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NOAA Gets Even More on Track October 9, 2008

Posted by Bahadir Sahin in Calismalar (Studies), English.
Tags: , , ,

NOAA’s National Geodetic Survey has recently incorporated 43 new GPS tracking sites into the Continuously Operating Reference Station (CORS) network. This increase includes 13 sites established by the Federal Aviation Administration as part of their Wide Area Augmentation System (WAAS). Four of the new WAAS sites are located in Alaska, four in Canada, and five in Mexico.

WAAS critical service provides differential GPS correctors for safe airline navigation across North America. These correctors help more precisely determine a position and enable pilots to determine the three-dimensional location of their aircraft with an accuracy of a few meters. The WAAS network now contains 38 GPS tracking sites.

The addition of the new sites significantly improves both the geographic coverage of the CORS network as well as the accuracy with which CORS users can position things, including property boundaries, transportation arteries, buildings and other map-worthy objects.

Every bit as important, the expanded coverage will also benefit those organizations that apply CORS data to monitor the distribution of water vapor in the atmosphere and the distribution of free electrons in the ionosphere. Knowing the distribution of water vapor is critical for accurately forecasting severe weather such as hurricanes, tornadoes, and thunder storms. An overabundance of free electrons in the ionosphere can disrupt those communications services that involve satellite links. NOAA understands and predicts changes in the Earth’s environment, from the depths of the ocean to the surface of the sun, and conserves and manages our coastal and marine resources.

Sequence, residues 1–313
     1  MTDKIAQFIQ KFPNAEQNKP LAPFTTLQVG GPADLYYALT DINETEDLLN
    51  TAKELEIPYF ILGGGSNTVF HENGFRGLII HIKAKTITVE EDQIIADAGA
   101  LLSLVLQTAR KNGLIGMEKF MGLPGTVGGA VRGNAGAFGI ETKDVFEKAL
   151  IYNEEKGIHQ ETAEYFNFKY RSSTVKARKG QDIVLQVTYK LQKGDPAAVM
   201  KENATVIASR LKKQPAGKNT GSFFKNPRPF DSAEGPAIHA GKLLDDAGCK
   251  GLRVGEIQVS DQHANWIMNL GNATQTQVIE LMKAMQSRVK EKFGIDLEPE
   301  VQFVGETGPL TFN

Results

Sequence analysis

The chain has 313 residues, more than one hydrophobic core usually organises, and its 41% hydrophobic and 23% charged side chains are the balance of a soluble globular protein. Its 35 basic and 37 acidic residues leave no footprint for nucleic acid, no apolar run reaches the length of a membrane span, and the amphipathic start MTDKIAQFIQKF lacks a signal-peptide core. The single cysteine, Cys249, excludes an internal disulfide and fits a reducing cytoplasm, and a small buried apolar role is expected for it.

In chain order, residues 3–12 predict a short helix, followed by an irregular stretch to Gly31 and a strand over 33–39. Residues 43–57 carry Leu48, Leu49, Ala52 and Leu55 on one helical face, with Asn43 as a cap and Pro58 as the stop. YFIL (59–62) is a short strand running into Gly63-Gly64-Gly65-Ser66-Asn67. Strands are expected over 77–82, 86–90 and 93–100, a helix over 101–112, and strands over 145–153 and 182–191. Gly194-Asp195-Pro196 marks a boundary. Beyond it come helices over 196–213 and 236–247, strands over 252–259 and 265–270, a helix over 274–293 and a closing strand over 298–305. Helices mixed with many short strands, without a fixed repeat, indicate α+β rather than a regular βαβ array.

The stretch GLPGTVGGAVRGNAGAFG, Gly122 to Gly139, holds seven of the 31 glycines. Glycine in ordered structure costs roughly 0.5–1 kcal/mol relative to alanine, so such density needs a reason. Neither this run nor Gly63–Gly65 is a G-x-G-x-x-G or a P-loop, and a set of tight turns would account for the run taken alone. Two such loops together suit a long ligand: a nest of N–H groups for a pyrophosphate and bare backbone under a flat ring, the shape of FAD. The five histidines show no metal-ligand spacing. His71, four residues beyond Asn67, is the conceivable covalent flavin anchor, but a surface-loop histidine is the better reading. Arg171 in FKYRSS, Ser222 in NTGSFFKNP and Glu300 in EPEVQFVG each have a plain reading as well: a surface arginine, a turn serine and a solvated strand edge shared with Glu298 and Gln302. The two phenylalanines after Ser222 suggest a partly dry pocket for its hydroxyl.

The NOAA CORS network now contains over 1,200 sites spanning the United States, its territories, and several foreign countries. Surveyors, GIS users and others can combine their own GPS data with GPS data from the CORS network to determine three-dimensional positional coordinates that approach a few centimeters in accuracy. Alternatively, users can submit their GPS data to the web-based Online Positioning User Service utility to have NOAA compute such coordinates automatically.



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